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NDS chief tells senators Taliban behind 99 percent of attacks

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(Last Updated On: December 30, 2020)

Ahmad Zia Siraj, head of the National Directorate of Security (NDS), told Afghanistan’s Meshrano Jirga (Upper House of Parliament) on Tuesday that Taliban are responsible for “99 percent of attacks in Afghanistan”.

This comes after senators summoned security officials to appear before them and answer questions on the security situation in the country. 

According to Siraj, 18,200 attacks happened in Afghanistan in the past year. He said the Taliban were responsible for 99 percent of these attacks. 

Siraj said the Taliban, especially its affiliated group Haqqani Network, are also behind the spate of targeted killings in the country.

On the issue of former slain journalist Yama Siawash, Siraj said that three suspects have been arrested in connection with the attack. He said however that investigations into the assassination are still ongoing.

Meanwhile, Massoud Andarabi, Interior Minister, said that the ministry will punish police personnel whose vehicles are targeted in magnetic IEDs. 

He said the ministry will now shift the focus of the police services from “guarding doors to enforcing laws”. 

Andarabi also said the Taliban had planned to overrun more areas in provinces but were prevented from doing so. As a result they turned their attention to targeted killings of individuals in Kabul.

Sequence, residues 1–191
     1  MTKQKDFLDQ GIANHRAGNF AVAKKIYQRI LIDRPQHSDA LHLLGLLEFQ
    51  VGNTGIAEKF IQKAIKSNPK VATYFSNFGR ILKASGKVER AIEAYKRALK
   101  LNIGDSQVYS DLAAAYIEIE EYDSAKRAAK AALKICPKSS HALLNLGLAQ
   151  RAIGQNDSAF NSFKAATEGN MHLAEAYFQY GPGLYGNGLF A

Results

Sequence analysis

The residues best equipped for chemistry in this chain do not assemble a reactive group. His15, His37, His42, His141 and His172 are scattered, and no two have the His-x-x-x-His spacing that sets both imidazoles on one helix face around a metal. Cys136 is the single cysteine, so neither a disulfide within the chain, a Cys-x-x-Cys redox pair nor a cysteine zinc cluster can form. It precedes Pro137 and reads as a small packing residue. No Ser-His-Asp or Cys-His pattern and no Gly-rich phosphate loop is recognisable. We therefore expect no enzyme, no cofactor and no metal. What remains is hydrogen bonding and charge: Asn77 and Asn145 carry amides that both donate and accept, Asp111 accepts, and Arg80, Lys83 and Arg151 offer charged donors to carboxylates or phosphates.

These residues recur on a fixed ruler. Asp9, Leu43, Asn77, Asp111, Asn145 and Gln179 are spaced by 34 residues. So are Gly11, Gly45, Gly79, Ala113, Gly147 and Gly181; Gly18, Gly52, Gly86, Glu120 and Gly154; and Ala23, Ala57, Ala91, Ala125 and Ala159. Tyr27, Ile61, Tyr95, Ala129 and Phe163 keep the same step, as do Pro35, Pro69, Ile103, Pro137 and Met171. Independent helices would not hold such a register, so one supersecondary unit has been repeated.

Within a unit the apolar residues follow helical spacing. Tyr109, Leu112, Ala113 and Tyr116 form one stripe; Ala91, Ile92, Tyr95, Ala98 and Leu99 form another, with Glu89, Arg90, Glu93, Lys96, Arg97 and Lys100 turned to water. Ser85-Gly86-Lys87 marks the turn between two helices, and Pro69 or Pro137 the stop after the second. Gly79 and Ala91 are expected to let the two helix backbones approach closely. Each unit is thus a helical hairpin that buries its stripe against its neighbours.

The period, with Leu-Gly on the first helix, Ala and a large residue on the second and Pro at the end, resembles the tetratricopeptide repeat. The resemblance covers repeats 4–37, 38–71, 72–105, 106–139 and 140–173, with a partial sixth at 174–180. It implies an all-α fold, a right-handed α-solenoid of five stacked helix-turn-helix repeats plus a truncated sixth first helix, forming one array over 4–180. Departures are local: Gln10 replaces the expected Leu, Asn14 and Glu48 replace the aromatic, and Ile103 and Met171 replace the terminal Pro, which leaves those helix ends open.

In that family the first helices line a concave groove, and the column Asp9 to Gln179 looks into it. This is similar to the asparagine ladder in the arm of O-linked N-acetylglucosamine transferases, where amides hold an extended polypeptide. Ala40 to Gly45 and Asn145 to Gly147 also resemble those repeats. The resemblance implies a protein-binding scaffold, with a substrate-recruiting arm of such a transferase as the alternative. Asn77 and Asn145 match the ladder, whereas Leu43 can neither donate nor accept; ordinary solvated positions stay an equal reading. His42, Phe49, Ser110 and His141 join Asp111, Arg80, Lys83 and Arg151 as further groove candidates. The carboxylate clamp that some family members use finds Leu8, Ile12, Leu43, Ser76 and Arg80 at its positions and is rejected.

Andarabi said the Taliban is also hoping to gain leverage with the peace process by putting pressure on government through tactics involving IED bombings and targeted killings in Kabul and other attack in provinces. 

This comes amid a sharp increase in targeted attacks in the country, especially in Kabul, in recent weeks. Insurgents have singled out public figures including civil society activists, government figures and journalists in their assassination spree. 

Despite numerous people having been killed in the past few months in targeted attacks, no group ever steps forward to claim responsibility for the attacks. 

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Well known cleric shot dead in Kabul while on his way to mosque

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(Last Updated On: March 3, 2021)

Faiz Mohammad Fayez, former head of the Ulema Council in Kunduz province, was shot dead by unknown gunmen in PD17 of Kabul city early Wednesday morning, Kabul police confirmed.

Police said an investigation is underway.

Meanwhile, a number of residents of Kabul’s Sarkutal Golden Township area said Faiz Mohammad Fayez, was shot dead by two unidentified gunmen as he walked to a mosque this morning.

Kabul police spokesman Ferdows Faramarz confirmed the killing but said early reports indicate it was not a “terrorist act” but a case of murder.

This comes after a prominent Afghan cleric Mohammad Atif was killed about a month ago in an explosion, along with two others, in Kabu.

Mohammad Atif, a well-known cleric from a Kabul-based charity group, was killed when an IED on the vehicle he was traveling in exploded.

No group has claimed responsibility for that attack.

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Red Cross resumes work in Afghanistan after suspending operations

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(Last Updated On: March 2, 2021)